Rolex Submariner 14060

Now, watching the evolution of this model and having owned most generations, starting with the ref. 5512 all of the way up to the current ref. 124060, I can conclude without a doubt that the new guy is better. However, it may not be “better” in the way that you think. The current-production Submariner is made to last infinitely. It is made to withstand magnetic fields, significant depths that I will never sink to, and has multiple surfaces that are literally impossible to scratch or patina, even in extreme conditions. The watch is made to achieve levels of precision and quality that seem almost unattainable. It is far better than any watch made in the late 1980’s from a production and materials standpoint. 

From a design standpoint, purely on a cosmetic level, things get tricky. I suspect this is like talking about religion or politics at a family event. Perhaps an internet based platform where watch guys hang out isn’t the best place to bring it up. But for this watch guy, the current model wins over past models. I say this because from a mass appeal standpoint, Rolex watches, especially the sports models, are better than ever. If we discuss the Submariner for a moment more, I’d call the latest version a perfect mix of past and current design in the watch world. The lugs feel proportionally perfect. The legibility of the dial and hands is excellent. The smoothness  and ease of the Glidelock clasp mechanism is an absolute knock-out. It’s just awesome. 

Rolex Glidelocl clasp

Image Source: Rolex

Many will say the nostalgia and beauty of a vintage Submariner’s aged look can never be replicated with the current versions. They are 100% right! Chromalight will not patina, Cerachrom will not fade (or scratch), the tolerances are tighter than ever, and the materials are categorically superior. This is why vintage watches are increasingly tough to service. The dials are literally disintegrating, the lume is either replaced or on the brink of falling off, and the movement gets older and older by the day. Don’t get me wrong – as I sit here and physically compare a 5513 and a new 124060, I love them both. That said, I just can’t shake the fact that, from a wearability standpoint, the newer one is far and away the winner. Maybe that’s just me – I like to wear my watches.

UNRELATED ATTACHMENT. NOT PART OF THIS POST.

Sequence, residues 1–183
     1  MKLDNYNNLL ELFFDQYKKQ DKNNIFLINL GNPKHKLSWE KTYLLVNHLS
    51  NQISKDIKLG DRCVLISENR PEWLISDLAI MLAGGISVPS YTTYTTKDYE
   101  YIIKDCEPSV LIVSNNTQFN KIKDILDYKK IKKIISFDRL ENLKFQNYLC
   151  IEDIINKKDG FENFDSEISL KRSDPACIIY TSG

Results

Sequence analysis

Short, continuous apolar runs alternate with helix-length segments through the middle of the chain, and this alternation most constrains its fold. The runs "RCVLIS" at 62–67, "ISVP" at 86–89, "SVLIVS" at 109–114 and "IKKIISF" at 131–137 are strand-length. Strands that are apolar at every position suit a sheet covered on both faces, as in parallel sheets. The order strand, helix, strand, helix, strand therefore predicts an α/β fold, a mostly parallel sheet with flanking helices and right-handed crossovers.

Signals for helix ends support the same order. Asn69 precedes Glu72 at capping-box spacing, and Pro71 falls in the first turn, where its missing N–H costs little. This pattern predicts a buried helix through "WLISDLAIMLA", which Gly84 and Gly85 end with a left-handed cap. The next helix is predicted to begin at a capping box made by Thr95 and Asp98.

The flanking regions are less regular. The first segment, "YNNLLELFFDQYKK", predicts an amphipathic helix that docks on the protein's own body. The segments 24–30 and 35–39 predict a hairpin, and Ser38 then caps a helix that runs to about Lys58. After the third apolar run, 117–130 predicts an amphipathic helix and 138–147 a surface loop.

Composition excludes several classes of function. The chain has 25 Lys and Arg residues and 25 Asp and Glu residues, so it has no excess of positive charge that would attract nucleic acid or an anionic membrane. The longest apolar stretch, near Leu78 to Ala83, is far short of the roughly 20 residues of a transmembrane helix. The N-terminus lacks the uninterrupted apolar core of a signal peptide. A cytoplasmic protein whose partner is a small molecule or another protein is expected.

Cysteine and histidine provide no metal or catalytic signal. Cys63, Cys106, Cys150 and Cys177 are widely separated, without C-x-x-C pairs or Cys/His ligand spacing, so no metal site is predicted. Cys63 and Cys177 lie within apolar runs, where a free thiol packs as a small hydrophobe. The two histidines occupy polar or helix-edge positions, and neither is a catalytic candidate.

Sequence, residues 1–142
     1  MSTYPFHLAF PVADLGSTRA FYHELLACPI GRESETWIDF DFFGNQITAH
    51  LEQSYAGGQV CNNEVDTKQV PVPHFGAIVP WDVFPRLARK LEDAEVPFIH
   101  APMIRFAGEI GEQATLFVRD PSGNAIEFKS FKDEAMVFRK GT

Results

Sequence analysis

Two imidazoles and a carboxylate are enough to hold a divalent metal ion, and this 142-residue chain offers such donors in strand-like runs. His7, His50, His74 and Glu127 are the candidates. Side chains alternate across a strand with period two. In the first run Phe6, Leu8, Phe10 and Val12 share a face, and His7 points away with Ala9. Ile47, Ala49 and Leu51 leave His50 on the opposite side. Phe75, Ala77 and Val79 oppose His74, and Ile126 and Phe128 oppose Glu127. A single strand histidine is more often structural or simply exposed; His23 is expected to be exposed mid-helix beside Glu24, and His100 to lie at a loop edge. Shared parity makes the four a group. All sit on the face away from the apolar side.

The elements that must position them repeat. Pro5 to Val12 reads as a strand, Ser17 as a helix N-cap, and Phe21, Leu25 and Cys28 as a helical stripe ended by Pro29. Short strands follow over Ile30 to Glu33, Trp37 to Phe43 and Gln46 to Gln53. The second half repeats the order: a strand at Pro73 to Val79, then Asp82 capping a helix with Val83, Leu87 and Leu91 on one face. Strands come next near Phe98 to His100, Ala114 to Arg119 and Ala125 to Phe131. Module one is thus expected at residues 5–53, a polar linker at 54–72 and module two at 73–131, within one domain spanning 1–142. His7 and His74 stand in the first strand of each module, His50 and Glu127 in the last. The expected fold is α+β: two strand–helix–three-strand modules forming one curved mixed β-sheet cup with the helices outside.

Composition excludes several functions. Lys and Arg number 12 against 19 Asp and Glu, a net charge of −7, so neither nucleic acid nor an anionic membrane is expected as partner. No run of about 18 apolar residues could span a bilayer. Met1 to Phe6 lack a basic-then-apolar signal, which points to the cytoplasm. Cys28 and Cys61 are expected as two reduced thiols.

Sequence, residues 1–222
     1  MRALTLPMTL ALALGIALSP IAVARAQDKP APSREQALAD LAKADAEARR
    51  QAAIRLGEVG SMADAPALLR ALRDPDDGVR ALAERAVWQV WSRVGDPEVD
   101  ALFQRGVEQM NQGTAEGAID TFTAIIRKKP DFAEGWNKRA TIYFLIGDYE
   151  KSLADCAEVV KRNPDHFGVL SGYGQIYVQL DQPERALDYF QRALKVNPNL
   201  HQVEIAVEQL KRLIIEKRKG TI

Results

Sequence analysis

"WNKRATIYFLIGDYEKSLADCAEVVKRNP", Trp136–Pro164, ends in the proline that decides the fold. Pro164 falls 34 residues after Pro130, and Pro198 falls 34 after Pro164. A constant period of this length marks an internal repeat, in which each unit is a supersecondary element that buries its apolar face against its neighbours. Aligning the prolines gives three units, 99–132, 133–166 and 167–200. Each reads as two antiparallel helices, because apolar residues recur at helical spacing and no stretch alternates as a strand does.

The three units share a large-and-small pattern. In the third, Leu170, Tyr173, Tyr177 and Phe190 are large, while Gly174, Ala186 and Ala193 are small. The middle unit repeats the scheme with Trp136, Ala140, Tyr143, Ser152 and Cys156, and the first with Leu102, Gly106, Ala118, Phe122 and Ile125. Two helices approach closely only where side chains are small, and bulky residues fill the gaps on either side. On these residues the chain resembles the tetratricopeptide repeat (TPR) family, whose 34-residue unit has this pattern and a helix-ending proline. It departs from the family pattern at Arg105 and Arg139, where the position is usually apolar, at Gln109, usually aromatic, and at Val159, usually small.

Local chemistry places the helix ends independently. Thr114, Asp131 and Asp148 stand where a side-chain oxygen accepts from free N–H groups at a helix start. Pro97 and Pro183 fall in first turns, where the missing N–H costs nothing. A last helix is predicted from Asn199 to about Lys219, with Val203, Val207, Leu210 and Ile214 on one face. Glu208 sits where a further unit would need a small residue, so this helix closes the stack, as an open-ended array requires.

Of course, certain evolutions of the Submariner can be seen as categorical improvements. A balance bridge is more robust than a balance cock. 904L steel is more resistant to corrosion than 316L. These changes are hard to knock because they’re quantitative improvements. Qualitative differences complicate the debate. Some people prefer a crystal (or bezel) that won’t shatter but will scratch, and others the opposite. Some people prefer smaller cases, and others Super Cases. These are individual preferences, not to be viewed as "better" or "worse", but just to be viewed and discussed. Ultimately, whether you favor the charm of a vintage Submariner or the cutting-edge technology of the latest model, the choice is deeply personal, and need not be agreed upon, nor will it ever be.

Where do you stand in this conversation? Do you lean vintage or modern when it comes to the Submariner? Let us know in the comments below.